Its flight season lasts until August and is generally split into 2 broods per year.
The species has a constant presence from Southern Canada to parts of Texas.
23. Waterlily Leafcutter Moth
Dark brown forewings and light brown hindwings are seen on the Waterlily Leafcutter Moth (Elophila obliteralis).
This species also shows a dark brown body.
Highly invasive pest status is tied to this type of moth. Waterlily Leafcutter Moths have a detrimental role for aquatic plants in ponds and small lakes.
Most of these mots are spotted around nurseries.
They eat entire leaves of various aquatic plants such as water lilies. Their role is not entirely detrimental as they can also eat invasive plants in ponds.
Still, they can eat a wide range of aquatic plants, essentially killing them as they emerge from caterpillars.
24. Spotted Tussock Moth
Brown is the main color of the Spotted Tussock Moth (Lophocampa maculata). This species has light brown coloring across its body.
The forewings of the moth are also mostly brown, with white spots from the center to the edges.
Its hindwings are mostly white.
Poplar and willow are their ideal host tree leaves.
The caterpillar of the species has a unique look that inspires its name. While not as brown as the adults, the Spotted Tussock Moth Caterpillar has a hairy black and yellow body.
25. Garden Webworm Moth
Various plants can be destroyed by the Garden Webworm Moth (Achyra rantalis).
Its caterpillars feed on the leaves of fruit trees, legumes, and ornamental plants in gardens and on pastures.
The adult moth is one of the light brown species of North America, with a dual presence in The US and Canada.
This species is widespread around local gardens where the caterpillars feed on almost all types of plants.
Unlike the light brown-yellow adult, the caterpillar has a green body with black spots with only its head having a dark brown color.
26. Dark-spotted Palthis Moth
This species (Palthis angulalis) is known for resembling a dead leaf. Its elongated mouthparts make it look like the mouth has a long snout.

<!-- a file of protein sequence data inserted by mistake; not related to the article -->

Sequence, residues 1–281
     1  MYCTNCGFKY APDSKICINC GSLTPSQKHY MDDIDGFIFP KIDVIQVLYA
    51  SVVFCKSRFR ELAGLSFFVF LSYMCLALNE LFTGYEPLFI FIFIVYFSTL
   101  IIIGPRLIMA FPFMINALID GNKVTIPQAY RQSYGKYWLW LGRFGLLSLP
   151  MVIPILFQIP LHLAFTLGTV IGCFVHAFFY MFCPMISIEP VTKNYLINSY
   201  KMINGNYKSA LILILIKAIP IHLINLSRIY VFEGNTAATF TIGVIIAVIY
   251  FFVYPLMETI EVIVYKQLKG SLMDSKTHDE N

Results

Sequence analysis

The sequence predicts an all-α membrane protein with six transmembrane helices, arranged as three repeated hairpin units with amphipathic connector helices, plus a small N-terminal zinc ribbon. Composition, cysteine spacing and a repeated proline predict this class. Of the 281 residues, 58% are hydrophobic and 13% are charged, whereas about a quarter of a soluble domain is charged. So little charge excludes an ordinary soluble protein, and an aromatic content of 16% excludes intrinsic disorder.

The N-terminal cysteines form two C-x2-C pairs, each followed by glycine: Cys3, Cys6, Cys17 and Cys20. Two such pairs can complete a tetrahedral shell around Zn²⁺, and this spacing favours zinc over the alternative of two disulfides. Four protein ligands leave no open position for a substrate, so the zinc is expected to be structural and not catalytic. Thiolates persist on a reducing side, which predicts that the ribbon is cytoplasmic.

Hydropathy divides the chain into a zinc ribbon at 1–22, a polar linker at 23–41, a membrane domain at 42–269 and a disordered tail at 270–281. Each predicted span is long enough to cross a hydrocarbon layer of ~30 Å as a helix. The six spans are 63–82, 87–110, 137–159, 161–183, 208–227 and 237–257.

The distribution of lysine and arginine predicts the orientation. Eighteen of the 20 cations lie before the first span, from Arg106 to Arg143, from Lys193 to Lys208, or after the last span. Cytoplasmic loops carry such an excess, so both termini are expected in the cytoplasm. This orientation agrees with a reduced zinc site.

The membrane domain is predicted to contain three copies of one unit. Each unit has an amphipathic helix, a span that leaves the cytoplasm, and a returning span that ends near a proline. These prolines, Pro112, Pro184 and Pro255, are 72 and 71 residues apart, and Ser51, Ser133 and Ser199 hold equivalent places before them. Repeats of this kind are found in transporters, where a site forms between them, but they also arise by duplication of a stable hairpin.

Light brown to tan coloring is mostly specific to this species. Its wings also show distinct dark brown stripes.
The species has the same brown and tan nuances on the dorsal and on the ventral side of the wings.
An Eastern North America presence is specific to this species which flies twice per year.
Shrubs and trees in woodlands are the main hosts of the Dark-spotted Palthis Moth Caterpillar.
Goldenrod and scrub oak are among its favorites.
27. Genista Broom Moth
Brown is specific to the Genista Broom Moth (Uresiphita reversalis) across its multiple life stages.
This is a species that is known for its general capacity to mimic dead leaves as it features dark brown wings and similar body coloring.
Spotted in the summer around San Francisco, this is also a species that can overwinter in a pupal stage.
Brown coloring is also specific to the caterpillar of the species.
Host plants of the caterpillars are diverse and they include various legumes as well as acacia and honeysuckle leaves.
28. Filbertworm Moth
Filbertworm Moths (Cydia latiferreana) are one of the rare types of brown moths in the Northwestern US territories.
A light brown color with metallic gold stripes is specific to the wings of this species, which is known as a local pest.
Hazelnut is one of the species most impacted by the Fibertworm Moth.
Its caterpillar can eat the nuts itself as well as the leaves of its host tree. Oak trees of multiple species are also highly impacted by the caterpillar of this moth.
August marks the time of the year when the species can be the most detrimental even if it can continue feeding up until October in warmer areas of the US.
29. Saddleback Caterpillar Moth
This species of moth (Acharia stimulea) is named after its colorful green saddle-like marking on the back of its caterpillar.
A brown color is specific to the caterpillar which is also contrasted by a green saddle with white margins.
Adult moths of the species have dark brown-red and gray coloring across the body and the wings.
These types of moths are mostly spotted in Eastern US and Eastern Canada territories.
Host species are diverse and include many types of plants that also grow in gardens. Blueberries and apples are among the common garden hosts of the species.
Oak and citruses are also common host choices for their brown and green caterpillars.
30. Walnut Caterpillar Moth
A constant presence in Southern US territories is attributed to the Walnut Caterpillar Moth (Datana integerrima).
Unique brown coloring with red undertones is specific to the adult moths of this species.
Red-brown colors are seen on its body and in its forewings.
Walnut Caterpillar Moths are also some of the largest moths in The US as they can reach a wingspan of up to 50mm.
This species is a pest of pecan and hickory, as well as other tall hardwood trees specific to North and Central America.